trail early in the affair.
Alstaetten was celebrating a feast
day this week, and, according to cus
tom, the villagers ended the day of
floral dances and games in the open
with a banquet and ball at the prin
cipal local restaurant.
At about 5 o'clock on the day of
the celebration a pretty Swiss girl,
Mlle. Regina Staebbler, aged sven
teen, was found dead in a lonely road
just outside the village. The d scov
ery was made by some peasants on
their way to the restaurant. The po
lice were informed and made an la
vestigation of the spot. They found
clutched' in the victim's hand a small
piece of cloth which had evidently
been torn from the clothing of her as
sailant during the struggle.
The police were about to repair to
the restaurant and look among the
dancers for a man whose clothing
might show signs of being torn when
it was suggested that a dog might be
used. A wolf-hound was procured and
made to smell of the torn cloth. He
started off on the trail, leading the
police through fields and by paths to
the restaurant where the ball was
ing on. He scrambled out and in
among the dancers, and finally pounc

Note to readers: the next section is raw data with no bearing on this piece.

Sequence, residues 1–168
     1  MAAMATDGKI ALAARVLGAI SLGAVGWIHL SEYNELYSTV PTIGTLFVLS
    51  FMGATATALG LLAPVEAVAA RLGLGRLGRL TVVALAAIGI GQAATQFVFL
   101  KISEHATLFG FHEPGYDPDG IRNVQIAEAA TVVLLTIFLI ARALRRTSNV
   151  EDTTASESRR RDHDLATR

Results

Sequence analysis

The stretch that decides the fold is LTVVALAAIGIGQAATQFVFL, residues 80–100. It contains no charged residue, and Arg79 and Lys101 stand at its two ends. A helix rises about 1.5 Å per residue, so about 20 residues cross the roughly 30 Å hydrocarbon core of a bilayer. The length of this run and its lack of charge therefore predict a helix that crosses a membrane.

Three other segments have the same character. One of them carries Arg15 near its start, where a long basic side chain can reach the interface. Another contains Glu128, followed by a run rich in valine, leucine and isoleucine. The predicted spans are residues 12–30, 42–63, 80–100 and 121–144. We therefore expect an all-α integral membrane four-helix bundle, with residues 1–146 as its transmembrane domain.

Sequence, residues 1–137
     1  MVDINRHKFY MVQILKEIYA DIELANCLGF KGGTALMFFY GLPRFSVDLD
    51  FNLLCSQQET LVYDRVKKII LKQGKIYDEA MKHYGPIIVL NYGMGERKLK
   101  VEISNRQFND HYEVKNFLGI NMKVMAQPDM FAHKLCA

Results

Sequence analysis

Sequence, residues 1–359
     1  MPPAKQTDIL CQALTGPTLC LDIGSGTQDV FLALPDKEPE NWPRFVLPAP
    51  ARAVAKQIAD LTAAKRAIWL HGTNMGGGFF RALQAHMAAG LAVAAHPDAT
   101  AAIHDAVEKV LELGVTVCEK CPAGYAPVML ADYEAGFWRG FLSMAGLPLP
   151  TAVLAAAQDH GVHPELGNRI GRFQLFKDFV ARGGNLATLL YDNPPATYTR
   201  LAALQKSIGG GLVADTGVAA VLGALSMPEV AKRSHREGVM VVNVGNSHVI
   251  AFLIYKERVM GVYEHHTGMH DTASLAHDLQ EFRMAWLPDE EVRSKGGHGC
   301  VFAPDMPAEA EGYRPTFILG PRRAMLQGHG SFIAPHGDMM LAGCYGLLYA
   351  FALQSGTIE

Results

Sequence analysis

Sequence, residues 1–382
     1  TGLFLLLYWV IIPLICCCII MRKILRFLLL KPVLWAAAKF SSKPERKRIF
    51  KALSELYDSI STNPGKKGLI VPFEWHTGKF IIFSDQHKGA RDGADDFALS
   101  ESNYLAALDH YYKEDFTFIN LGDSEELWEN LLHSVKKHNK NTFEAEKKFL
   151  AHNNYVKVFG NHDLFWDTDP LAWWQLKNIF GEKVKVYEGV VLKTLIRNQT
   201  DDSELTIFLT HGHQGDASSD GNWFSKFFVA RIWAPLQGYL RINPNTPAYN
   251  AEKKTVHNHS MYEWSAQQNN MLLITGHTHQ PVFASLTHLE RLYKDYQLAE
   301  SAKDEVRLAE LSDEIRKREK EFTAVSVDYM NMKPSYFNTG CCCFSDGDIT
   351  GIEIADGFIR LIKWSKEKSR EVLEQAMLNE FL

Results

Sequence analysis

ed upon a man who was dancing and
tried to attack him.
The latter was arrested and his
clothing examined. A hole was found
into which the piece of cloth exactly
fitted. Confronted by this evidence,
the man made e confession. He had
killed Regina because she had left
him for another.
Bank of England Strikes
150 Boys Dismissed as Result-Time
Machine Blamed for the
London.-"Strike at the Bank of
England; Picketing the Old Lady of
Threadneedle Street," and similar
headlines in the evening papers gave
the city a mild sensation.
One hundred and fifty boys from
the printing department of the bank
were dismissed in the morning and
many of them spent several hours in
marching round and round the great
square building somewhat disconso
lately, with dinner baskets or parcels
under their arms.
The cause of the trouble, the boys
alleged, was the unsatisfactory work
ing of a new time checking, machine
installed recently to register the in
comings and outgoings of the boys.
"It takes such a long time," said
one boy, "to take our checks out
when we go to dinner and put them
in on returning that a good part of
the time is wasted. Three boys had
some of their p:'" stopped for being
late. That was not fair, so we struck
and asked for more time for dinner,
and they dismissed us all with part
of our wages. We get from 7s. 6d.
($1.80) to 14s. 6d. a week."
All the Bank of England notes are